NEW YORK CITY (WABC) -- A new lawsuit filed by 35 people who live in Manhattan, Brooklyn, Queens and the Bronx seeks to end New York City's outdoor dining program.
The suit blames the Open Restaurants program, which was implemented during the COVID-19 pandemic, for excessive noise, traffic, and garbage.
It also claims outdoor dining sheds make it difficult to navigate the city's streets and sidewalks.
The program was meant to help restaurants and bars during the pandemic by allowing them to expand seating outdoors. But the suit says "in fact, there is no public health emergency in New York City and, as shown above, there is no existing regulatory infrastructure in place tailored to respond to any such emergency."
It claims the Open Restaurants plan causes "increased and excessive noise, traffic congestion, garbage and uncontrolled rodent populations, the blocking of sidewalks and roadways, causing petitioners and others to be unable to safely navigate the city's street and sidewalks, and a diminution of available parking upon which some" of those suing depend.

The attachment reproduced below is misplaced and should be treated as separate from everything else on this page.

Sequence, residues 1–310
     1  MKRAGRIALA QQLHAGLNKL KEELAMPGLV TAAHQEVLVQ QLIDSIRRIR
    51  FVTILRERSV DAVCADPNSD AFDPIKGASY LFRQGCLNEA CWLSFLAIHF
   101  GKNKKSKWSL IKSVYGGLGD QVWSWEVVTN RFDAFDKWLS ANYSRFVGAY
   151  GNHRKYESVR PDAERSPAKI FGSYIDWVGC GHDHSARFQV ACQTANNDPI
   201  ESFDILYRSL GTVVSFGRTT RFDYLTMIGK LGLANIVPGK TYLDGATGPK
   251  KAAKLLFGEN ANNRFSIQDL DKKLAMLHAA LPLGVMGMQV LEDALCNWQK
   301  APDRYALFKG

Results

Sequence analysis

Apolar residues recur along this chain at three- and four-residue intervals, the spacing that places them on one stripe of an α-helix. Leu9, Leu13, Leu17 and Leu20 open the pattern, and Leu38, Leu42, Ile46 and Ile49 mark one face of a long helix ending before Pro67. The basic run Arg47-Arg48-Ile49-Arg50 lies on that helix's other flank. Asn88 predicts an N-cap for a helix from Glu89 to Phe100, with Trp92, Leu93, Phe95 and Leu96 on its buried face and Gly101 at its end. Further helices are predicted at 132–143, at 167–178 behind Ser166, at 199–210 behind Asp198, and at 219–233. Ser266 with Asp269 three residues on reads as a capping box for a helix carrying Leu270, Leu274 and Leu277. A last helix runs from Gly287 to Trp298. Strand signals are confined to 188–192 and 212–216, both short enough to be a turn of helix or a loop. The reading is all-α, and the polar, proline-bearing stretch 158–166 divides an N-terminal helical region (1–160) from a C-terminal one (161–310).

"Now some restaurant owners are using the sheds for storage, not for outdoor dining...some are filled with garbage," Brooklyn Community Board 4 Chair Robert Camacho said in an affidavit with Friday's suit. "Some are filled with garbage. Some have kids in there getting high."
Michael Sussman, a lawyer for the residents who filed the lawsuit, said the Temporary Open Restaurant program was implemented without public input.
Asked about the lawsuit, Mayor Eric Adams said, "I'm a big supporter of outdoor dining."
He added that "some of the outdoor dining locations have become a hazard...they can't be used for storage, they can't be used for all other things."
Even some restaurateurs agree.
"I think we need to find a happy balance," restaurateur Michael Shatzberg said.
Shatzberg is a partner in several places on Park Avenue South, where even at dinner time on Monday night, not even half his outdoor tables were full.
He says the lesson here is that New Yorkers want to eat outside, but they don't have to be in makeshift cabins on the street, if the city only relaxed its restrictions on sidewalk dining.
"At this point if they were to say you can't have it anymore, but we will redo the rules for this, that would be great," Shatzberg said.
The City Council passed legislation in February to make outdoor dining permanent.
That has been delayed by another lawsuit, however, which calls for an environmental impact review.
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